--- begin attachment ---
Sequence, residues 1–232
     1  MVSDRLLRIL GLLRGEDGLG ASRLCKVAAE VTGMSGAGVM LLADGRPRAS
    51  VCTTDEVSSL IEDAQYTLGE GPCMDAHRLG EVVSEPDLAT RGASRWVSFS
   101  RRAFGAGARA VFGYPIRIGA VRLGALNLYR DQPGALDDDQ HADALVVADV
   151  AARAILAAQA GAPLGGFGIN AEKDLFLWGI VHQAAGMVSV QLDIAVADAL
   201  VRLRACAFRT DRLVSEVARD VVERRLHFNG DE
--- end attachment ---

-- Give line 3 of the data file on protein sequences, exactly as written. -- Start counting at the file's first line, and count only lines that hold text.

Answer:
    51  VCTTDEVSSL IEDAQYTLGE GPCMDAHRLG EVVSEPDLAT RGASRWVSFS